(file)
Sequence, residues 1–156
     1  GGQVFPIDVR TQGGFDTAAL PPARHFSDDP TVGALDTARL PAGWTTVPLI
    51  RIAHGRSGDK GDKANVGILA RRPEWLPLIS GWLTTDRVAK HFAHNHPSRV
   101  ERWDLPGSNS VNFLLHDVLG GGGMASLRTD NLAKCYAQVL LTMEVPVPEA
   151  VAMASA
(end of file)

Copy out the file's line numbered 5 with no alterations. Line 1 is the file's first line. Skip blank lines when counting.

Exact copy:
   151  VAMASA